On Tuesday, the Alabama House passed a bill that aims to stop adults from smoking tobacco products in a motor vehicle while any minors are present. Birmingham-Democrat State Rep. Rolonda Hollis filed HB26 in an effort to protect minors who cannot protect themselves from harmful tobacco products.
“We aren’t saying you can’t smoke, and we aren’t saying what to do with your body,” Hollis told AL.com. “We just want to look out more for the kids.”
Hollis was inspired on a date night with her husband, he lit a cigarette in the car while they were out and Hollis said she could hardly breathe.
“If I can barely breathe, I’m sure children can barely breathe,” said Hollis.
Violators would receive a $100 fine for every offense.
According to the American Lung Association 41,000 people in the U.S. die every year from second-hand smoke, and children who are exposed to it are at risk for heart disease, lung disease, and lung cancer. Secondhand smoke is also a known cause of sudden infant death syndrome (SIDS) and children are more likely to have lung problems, ear infections and worse asthma from being exposed to it.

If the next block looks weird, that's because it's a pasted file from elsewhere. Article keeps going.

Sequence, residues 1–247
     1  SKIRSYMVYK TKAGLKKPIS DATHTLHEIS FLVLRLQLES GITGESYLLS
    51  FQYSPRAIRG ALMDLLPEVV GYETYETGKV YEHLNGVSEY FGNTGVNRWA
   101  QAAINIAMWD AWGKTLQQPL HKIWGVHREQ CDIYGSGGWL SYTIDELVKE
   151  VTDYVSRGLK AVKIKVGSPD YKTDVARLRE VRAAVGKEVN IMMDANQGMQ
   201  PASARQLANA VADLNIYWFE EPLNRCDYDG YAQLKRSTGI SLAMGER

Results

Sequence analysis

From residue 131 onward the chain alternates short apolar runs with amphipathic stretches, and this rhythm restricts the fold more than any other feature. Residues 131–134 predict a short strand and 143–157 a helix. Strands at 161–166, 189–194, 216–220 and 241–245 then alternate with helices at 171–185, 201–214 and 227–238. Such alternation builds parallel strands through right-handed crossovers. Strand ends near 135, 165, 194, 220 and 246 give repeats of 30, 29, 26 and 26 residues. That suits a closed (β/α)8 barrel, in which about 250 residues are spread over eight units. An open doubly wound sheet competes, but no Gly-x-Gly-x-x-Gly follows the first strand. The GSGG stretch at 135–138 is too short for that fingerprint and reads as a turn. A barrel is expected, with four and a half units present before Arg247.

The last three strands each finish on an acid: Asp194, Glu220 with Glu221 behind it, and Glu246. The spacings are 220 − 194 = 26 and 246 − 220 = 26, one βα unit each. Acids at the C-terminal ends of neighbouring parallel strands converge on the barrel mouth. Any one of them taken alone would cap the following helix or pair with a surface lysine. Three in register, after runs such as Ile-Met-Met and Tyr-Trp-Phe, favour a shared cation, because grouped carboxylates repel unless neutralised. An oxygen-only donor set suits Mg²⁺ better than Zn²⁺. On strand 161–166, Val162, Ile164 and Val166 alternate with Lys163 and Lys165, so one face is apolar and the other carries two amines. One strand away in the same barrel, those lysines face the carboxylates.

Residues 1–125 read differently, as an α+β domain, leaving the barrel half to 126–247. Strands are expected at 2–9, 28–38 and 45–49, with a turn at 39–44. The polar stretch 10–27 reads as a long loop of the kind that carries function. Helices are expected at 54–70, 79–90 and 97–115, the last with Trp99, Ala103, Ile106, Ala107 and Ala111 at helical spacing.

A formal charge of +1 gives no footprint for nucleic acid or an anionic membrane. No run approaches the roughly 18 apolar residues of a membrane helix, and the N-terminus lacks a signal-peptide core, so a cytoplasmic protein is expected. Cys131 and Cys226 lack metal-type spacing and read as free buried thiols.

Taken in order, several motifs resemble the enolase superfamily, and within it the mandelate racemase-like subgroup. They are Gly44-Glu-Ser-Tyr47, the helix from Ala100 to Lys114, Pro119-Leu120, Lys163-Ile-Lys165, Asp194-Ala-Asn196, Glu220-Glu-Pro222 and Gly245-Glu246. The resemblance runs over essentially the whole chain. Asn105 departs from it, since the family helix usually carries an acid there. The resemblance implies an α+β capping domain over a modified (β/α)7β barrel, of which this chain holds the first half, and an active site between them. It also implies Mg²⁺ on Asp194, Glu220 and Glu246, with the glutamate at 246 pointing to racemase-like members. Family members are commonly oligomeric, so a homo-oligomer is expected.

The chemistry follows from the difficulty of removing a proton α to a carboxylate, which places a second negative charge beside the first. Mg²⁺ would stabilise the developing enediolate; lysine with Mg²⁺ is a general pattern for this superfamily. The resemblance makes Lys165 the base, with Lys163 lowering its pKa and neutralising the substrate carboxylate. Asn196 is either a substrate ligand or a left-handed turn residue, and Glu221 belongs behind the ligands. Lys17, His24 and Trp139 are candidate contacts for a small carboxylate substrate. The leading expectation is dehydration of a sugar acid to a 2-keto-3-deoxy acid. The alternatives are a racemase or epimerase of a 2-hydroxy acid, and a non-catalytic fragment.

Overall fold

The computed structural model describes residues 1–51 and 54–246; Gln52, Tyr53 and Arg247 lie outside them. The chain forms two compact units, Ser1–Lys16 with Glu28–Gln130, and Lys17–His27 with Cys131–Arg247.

If the bill passes through the senate, Alabama would be one of only nine states to enact a smoking ban with children in the car. According to the American Nonsmokers Rights’ Foundation these are the current smoking bans in the U.S.:
|Arkansas||Persons < than age 6 and under 60 pounds in a child safety seat. Effective 07/21/2006
Persons < age 14. Effective 07/27/2011
|California||Persons < age 18|
|Louisiana||Persons < age 13|
|Maine||Persons < age 16|
|Oregon||Persons < age 18. The Legislature enacted SB444, which prohibits smoking in any motor vehicle in which a child under age 18 is a passenger. Enacted 6/11/2013 as Chapter 361 2013 Laws.|
|Puerto Rico||Persons < age 18|
|Utah||Persons < age 16|
|Vermont||Persons aged 8 and under|
|Virginia||Persons < age 8|